Ted J. Kaptchuk, OMD; David M. Eisenberg, MD
Medicine has become interested in unconventional healing practices, ostensibly because of recent demographic research that reveals a thriving medical market of multiple options. This essay presents a historical overview of medical pluralism in the United States. Consistent evidence is examined suggesting that unconventional medicine has been a persistent presence in U.S. health care. Despite parallels with the past, the recent widespread interest in alternative medicine also represents a dramatic reconfiguration of medical pluralismâ€”from historical antagonism to what might arguably be described as a topical acknowledgment of postmodern medical diversity. This recent shift may have less to do with acknowledging â€œnewâ€ survey data than with representing shifts in medicine's institutional authority in a consumer-driven health care environment. This essay is an introduction to a discussion of a taxonomy of contemporary U.S. medical pluralism, which also appears in this issue.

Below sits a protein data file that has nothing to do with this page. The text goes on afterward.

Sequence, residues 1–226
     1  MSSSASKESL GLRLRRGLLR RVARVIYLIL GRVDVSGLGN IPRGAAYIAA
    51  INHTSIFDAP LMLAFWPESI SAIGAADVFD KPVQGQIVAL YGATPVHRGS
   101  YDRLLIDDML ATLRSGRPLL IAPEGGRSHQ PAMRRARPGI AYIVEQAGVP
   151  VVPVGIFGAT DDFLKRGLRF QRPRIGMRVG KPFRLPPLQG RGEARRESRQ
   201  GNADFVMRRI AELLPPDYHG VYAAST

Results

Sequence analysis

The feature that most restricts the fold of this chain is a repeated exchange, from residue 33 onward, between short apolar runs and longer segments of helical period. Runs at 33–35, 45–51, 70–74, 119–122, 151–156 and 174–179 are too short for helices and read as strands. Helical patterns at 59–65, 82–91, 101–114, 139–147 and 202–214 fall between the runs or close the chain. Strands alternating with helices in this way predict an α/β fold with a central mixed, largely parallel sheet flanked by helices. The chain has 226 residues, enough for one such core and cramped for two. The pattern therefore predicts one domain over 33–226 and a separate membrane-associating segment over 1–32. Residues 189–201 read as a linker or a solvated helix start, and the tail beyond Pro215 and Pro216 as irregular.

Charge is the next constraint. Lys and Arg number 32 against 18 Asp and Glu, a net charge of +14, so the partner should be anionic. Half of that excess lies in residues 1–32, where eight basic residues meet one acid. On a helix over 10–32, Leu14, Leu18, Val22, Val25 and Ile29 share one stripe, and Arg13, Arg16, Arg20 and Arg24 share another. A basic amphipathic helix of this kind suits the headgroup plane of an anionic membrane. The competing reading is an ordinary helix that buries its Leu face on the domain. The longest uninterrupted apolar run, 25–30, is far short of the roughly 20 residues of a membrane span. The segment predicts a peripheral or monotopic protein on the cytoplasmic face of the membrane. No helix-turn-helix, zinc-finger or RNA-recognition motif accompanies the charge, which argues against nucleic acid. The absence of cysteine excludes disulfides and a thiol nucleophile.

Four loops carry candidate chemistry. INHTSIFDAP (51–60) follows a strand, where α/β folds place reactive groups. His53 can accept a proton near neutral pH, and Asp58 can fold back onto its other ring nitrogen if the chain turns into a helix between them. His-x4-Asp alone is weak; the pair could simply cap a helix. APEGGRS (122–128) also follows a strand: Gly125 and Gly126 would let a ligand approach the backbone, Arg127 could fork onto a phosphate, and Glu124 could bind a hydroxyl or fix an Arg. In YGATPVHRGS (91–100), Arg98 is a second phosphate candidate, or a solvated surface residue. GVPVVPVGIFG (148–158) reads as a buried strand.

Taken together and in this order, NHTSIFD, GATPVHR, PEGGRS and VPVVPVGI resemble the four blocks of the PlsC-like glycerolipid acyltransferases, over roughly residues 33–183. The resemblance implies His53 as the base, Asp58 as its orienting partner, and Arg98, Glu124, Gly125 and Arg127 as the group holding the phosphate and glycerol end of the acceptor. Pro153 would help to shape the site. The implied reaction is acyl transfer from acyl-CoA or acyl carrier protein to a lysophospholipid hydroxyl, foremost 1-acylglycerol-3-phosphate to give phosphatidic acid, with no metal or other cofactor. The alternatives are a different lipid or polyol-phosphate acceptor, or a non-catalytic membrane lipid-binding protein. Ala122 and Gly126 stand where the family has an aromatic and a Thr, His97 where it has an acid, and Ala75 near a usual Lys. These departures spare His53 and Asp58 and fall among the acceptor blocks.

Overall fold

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Kaptchuk TJ, Eisenberg DM. Varieties of Healing. 1: Medical Pluralism in the United States. Ann Intern Med. 2001;135:189-195. doi: 10.7326/0003-4819-135-3-200108070-00011
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Published: Ann Intern Med. 2001;135(3):189-195.
Education and Training, Healthcare Delivery and Policy, Prevention/Screening.
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Print ISSN: 0003-4819 | Online ISSN: 1539-3704
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